Shasta was game and jumped right in. We slowly twisted our bodies down to the bar top during the long “sweet” chorus, and then we rolled back up during the equally long “emotion” portion of the chorus, ending with a hair flip, a full spin and a foot stomp when the guitar part started.
An even bigger crowd gathered, and Shasta and I let their catcalls and wolf whistles pump us up even more.
By the time we reached the last section of the song, I was sweating and that last shot of tequila hit me. I made it through the shimmy down fine. I made it through the roll up fine. I made it through the hair flip fine. But when I started to spin, I over-rotated and lost my balance. I had a split second to decide whether to save face and fall behind the bar, or take my chances, fall forward and hope someone caught me.
I hit a warm body with a loud “Uhf.”
Even beneath my hair, which had come loose and masked most of my face, I could see male hands patting the back of my savior. I was jostled as we moved through the crowd.
Then my rescuer, who had an amazingly hard chest and incredibly muscled arms—I guessed that part since he was lugging me around like a sack of grain—lowered me onto a bench seat.
I brushed my hair from my face and got my first good look at the man who’d caught me.
No, no, no, no, no. This wasn’t happening to me! “Mr. Lund?”
“Given the circumstances of my lifesaving heroic action, don’t you think you should call me Brady?”
I knew my mouth hung open and I probably started drooling because Brady Lund—aka Mr. Perfect—looked even better than usual, dressed down in jeans and a tight black shirt that molded to his upper body. His hair was slightly mussed and I had the urge to sift my fingers through it and mess it up even more.
That last shot of tequila? Bad idea.
But Brady—Call him Mr. Lund, dumbass, to keep this professional!—was far too busy looking me over to notice me doing the same thing to him. He reached out and traced the tattoo on my right biceps with one rough fingertip.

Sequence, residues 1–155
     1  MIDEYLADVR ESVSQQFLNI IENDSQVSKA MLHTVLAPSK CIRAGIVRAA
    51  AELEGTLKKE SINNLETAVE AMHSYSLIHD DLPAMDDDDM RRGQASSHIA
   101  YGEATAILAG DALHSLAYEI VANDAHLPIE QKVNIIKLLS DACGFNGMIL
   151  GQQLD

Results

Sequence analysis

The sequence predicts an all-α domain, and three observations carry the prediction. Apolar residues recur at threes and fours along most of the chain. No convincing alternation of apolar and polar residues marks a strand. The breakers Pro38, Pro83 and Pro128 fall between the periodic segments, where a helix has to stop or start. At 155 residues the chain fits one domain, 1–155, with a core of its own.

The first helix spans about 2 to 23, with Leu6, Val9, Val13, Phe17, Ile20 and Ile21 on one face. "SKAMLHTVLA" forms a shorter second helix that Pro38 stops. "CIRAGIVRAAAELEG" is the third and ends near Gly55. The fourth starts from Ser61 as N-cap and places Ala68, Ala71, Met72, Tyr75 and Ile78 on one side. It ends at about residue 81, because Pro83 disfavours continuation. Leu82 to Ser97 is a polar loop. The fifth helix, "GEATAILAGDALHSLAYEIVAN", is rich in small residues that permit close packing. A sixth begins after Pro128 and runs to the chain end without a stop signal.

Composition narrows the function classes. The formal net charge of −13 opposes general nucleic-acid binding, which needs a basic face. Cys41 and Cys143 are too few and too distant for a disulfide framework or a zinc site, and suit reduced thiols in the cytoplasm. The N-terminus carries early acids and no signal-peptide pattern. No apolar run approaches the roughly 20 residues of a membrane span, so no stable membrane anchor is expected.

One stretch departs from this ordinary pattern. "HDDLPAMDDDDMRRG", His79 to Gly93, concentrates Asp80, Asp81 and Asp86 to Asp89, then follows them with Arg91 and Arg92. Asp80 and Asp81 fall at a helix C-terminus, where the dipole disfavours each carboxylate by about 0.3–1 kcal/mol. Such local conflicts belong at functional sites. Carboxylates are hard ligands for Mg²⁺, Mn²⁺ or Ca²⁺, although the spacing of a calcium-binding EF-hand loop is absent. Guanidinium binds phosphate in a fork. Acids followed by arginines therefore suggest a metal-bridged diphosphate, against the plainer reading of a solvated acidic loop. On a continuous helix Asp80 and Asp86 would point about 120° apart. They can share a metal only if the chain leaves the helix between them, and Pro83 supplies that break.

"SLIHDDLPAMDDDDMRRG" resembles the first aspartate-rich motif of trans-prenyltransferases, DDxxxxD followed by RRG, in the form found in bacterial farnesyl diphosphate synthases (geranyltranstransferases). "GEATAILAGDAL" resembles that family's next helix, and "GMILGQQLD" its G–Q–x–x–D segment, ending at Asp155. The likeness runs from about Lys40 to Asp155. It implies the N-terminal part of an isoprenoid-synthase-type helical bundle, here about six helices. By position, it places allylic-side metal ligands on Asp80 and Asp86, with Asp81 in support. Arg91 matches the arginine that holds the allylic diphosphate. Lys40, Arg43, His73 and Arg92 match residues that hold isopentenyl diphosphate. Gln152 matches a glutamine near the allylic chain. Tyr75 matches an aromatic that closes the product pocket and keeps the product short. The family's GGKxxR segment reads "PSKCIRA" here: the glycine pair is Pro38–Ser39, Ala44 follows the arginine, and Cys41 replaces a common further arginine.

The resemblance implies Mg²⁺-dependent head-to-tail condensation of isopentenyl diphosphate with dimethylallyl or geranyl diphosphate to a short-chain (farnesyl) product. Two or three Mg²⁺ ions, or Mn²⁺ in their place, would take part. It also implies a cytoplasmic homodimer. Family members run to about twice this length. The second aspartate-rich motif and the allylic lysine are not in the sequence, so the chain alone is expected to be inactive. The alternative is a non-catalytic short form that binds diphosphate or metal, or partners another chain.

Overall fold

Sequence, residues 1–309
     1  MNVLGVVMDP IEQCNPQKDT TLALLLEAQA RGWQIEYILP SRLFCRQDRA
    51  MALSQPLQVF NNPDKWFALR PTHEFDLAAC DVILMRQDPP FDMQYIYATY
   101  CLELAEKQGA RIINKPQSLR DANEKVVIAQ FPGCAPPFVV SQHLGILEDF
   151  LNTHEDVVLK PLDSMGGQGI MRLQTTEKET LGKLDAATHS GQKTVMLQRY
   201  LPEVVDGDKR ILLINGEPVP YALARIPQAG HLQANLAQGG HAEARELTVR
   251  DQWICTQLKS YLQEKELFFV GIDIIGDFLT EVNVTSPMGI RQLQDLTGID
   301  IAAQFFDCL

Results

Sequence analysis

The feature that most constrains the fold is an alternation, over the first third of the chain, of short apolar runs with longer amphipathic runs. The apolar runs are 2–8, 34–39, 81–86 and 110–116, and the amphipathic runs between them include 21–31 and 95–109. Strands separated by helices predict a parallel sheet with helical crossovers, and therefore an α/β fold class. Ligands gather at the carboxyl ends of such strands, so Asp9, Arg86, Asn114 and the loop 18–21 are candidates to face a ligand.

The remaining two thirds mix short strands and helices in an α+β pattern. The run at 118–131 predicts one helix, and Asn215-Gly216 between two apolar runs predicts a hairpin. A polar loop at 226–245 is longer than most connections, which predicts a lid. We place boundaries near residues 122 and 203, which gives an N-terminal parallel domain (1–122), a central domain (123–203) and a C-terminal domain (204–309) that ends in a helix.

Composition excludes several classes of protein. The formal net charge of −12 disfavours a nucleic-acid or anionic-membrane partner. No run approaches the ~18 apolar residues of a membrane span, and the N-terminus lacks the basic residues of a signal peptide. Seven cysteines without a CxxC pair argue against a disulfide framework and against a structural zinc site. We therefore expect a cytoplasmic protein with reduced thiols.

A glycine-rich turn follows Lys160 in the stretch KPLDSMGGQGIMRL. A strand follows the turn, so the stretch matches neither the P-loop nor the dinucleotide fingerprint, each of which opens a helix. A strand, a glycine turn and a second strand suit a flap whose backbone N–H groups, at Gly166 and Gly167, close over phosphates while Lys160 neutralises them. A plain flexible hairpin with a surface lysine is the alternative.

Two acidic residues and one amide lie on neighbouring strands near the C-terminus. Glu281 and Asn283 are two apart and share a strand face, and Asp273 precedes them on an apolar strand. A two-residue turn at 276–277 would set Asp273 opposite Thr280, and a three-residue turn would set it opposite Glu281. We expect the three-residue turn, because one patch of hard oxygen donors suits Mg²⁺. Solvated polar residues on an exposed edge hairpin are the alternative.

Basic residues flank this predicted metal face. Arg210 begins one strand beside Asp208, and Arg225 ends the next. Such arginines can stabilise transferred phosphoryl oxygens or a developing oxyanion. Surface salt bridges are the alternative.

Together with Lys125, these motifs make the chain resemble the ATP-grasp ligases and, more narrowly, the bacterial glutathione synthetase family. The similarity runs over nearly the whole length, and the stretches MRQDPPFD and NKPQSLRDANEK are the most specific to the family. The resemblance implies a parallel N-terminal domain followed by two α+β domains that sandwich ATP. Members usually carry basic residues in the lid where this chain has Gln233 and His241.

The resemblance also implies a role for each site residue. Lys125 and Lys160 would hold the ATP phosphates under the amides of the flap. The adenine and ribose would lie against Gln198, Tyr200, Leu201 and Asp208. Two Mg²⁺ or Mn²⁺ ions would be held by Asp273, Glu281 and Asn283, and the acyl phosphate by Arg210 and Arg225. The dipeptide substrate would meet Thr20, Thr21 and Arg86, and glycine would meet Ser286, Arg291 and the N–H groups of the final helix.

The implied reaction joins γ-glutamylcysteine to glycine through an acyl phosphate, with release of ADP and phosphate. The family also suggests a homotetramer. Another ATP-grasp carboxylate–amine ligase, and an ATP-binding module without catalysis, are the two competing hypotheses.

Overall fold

That gentle touch sobered me up faster than a punch to the arm.
“This is cool, Lennox,” he said huskily, not taking his eyes off my ink. “Why didn’t I know you had a tattoo?”
“Because I cover all of them up at work.”
Brady’s gaze snapped to mine. “You have more than one?”
“Show me.” He gave me a slow, wicked grin. “Unless they’re on a place on your body that requires you to strip down.”
“Brady,” he corrected.
“Fine. Brady. I don’t want to talk about my tattoos—that’s why I keep them hidden beneath my clothes during working hours.”
“Because three companies declined to hire me prior to getting the job offer at Lund Industries,” I said testily.
He seemed taken aback by that. “Because of your tattoos? You know this for sure?”
“Yes, because I’d done the ‘honest’ thing and let my ink show during the interview process. I’m not ashamed of my tattoos. But it’s obviously a red flag for some companies.”
“That’s a little archaic. Tats are everywhere.”
“Not a big hiring point for an office worker who’s just starting out in corporate America. You know that LI has a dress code, right?”
He shrugged. “I never thought about it.”
“Exactly. You don’t have to. I do.” I touched his forearm and was momentarily sidetracked by the sinewy muscles beneath the skin-warmed cotton. “Please don’t tell my supervisor.” Or, worse, Attila.
“I wouldn’t do that.” Once again he dragged his fingers over the swirls of ink on my arm. “How you choose to express yourself in your off time . . . has no effect on how well you do your job when you’re on the clock.”
Relief swept through me. “Thank you.”
Then his intense blue eyes snared me. “Tell me another place you’re inked.”
“Even if it’s X-rated?”
“Especially if it’s X-rated,” he shot back in a husky tone.
This man was so sexy. Without even trying.
Or maybe he was trying. Maybe I was just that hard up for a man that I’d consider flirting with my boss.
Technically, he’s not your boss. He’s “a” boss. And there aren’t “no fraternization” rules at Lund Industries—the company is too big.
My belly tightened at the way he murmured my name. I looked away from where those surprisingly rough fingertips stroked my arm, then into his eyes. “What?”
“You were going to reveal another tattoo?”
“You’ll have to get closer for this one.”
Brady’s eyes gleamed and a half smirk kicked up one corner of his mouth. He scooted in and slid his arm along the back of the booth. His hard thigh connected with the outside of my leg. His
What You Need by Lorelei James / Romance & Love have rating 4.1 out of 5 / Based on41 votes